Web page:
Through it all, I’ve found Teneycke personable and low-key. Much as I found his predecessor, Sandra Buckler, before she moved to the PMO. It is pointless to speculate whether he will be a kindler, gentler face for reporters to deal with. For one thing, I’m told the debate over whether it makes strategic sense to show reporters a kinder face is not settled at the PMO. For another, we’ll find out soon enough. But more broadly, it is no coincidence that a permanent campaigner with seasoning beyond his years is moving to the PMO.

On Wednesday morning Guy Giorno held a meeting of the entire PMO staff. After introductory remarks from the Prime Minister, the new Chief of Staff told the assembled staffers, some of whom have already since been fired, that when the House of Commons reconvenes in the autumn, the next election will be a year away at the most, and that all decisions will now be made within that pre-election frame. Conservative political staffers are being told to expect a leaner, less bureaucratic government that focusses less on day-to-day management of policy files — “we’ve got a professional public service to take care of that,” one source told me — and more on sharpening distinctions between the Conservatives and their opponents.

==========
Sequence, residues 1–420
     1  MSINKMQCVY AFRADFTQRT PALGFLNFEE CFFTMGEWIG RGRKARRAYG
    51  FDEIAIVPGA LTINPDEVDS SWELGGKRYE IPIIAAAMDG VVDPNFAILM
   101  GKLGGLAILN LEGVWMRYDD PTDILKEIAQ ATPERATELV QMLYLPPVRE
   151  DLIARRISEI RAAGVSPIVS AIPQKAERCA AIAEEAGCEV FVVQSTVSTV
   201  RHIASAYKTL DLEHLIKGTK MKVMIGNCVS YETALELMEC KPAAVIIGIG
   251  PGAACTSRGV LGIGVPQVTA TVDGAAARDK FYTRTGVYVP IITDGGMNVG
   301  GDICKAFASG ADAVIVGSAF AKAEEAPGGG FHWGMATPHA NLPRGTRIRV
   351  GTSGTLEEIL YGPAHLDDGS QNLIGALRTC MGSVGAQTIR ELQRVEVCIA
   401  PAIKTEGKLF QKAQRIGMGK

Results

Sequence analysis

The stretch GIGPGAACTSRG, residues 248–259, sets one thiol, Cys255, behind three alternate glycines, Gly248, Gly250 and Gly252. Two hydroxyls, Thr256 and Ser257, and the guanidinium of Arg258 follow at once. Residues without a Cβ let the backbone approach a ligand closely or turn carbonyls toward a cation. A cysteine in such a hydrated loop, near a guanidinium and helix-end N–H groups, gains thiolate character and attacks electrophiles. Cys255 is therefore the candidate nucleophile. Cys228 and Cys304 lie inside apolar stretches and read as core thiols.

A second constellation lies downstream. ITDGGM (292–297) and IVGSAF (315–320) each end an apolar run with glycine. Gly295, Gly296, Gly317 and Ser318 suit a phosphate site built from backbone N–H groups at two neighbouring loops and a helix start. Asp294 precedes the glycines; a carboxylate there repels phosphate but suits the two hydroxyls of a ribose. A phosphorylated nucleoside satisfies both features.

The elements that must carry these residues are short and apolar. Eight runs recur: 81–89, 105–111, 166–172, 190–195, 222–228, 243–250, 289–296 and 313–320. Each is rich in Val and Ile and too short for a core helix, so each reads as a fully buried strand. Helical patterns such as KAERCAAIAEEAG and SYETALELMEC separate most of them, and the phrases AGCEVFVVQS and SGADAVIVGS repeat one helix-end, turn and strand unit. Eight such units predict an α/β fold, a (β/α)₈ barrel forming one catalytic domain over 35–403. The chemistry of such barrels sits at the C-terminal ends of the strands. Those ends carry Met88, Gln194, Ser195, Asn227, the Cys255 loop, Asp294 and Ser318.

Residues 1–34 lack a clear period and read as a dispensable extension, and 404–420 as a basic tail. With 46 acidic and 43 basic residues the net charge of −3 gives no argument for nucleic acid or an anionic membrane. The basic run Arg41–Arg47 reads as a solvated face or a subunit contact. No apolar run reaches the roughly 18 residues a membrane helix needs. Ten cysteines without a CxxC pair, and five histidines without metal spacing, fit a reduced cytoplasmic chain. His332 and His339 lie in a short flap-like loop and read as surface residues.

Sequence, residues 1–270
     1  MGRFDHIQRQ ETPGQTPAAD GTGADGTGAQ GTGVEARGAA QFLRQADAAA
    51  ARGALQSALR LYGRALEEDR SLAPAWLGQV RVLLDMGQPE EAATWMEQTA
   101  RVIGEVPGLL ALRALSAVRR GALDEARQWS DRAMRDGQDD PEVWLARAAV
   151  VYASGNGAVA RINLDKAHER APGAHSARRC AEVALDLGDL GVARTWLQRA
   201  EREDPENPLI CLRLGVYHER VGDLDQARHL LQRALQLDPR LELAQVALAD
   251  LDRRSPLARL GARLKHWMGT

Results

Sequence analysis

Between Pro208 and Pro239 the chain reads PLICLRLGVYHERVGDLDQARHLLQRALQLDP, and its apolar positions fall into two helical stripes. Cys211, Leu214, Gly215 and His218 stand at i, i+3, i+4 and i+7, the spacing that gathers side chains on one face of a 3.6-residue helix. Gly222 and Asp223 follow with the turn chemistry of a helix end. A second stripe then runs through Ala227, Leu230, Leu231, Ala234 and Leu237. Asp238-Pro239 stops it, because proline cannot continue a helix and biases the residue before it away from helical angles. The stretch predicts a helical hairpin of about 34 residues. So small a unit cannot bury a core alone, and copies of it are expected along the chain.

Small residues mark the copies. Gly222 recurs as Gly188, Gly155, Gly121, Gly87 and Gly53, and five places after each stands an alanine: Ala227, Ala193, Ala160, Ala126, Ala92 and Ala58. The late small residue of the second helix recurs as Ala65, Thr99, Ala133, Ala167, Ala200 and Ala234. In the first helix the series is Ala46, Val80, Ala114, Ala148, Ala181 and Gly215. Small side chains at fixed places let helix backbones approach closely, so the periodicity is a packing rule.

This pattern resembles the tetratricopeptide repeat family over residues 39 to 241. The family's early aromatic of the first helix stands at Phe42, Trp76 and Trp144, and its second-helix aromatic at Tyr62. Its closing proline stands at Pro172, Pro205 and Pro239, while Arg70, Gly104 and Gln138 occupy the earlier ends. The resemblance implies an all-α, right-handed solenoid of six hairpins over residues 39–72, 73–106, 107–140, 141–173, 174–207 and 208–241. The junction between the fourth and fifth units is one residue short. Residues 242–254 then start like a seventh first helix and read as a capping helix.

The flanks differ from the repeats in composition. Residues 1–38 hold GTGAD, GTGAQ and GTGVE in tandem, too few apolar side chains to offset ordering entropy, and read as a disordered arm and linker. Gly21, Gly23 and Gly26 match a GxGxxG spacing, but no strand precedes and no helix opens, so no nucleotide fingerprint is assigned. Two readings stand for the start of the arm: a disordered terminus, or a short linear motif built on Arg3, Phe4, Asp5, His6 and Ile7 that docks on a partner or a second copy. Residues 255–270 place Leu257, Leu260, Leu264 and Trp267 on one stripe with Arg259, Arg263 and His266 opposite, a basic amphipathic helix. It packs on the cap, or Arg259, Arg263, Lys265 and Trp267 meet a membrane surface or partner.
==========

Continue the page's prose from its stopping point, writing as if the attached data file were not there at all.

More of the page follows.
It’s within that frame that Kory Teneycke will operate.




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Introducing the new PMO director of communications

  1. “and that all decisions will now be made within that pre-election frame.”

    Mmm hmm. And this is a change from the current, policy-driven environment where they’re all about the long-term, what’s best for the country kind of thing?

  2. Jeff, good one.

    But is this really such a difference from recent Liberal governments and their “long-term, what’s best for the country” thinking?

  3. So the mission will be “sharpening distinctions between the Conservatives and their opponents.”

    Great. I was afraid there might be some attempt to build bridges, bring people together, that sort of thing.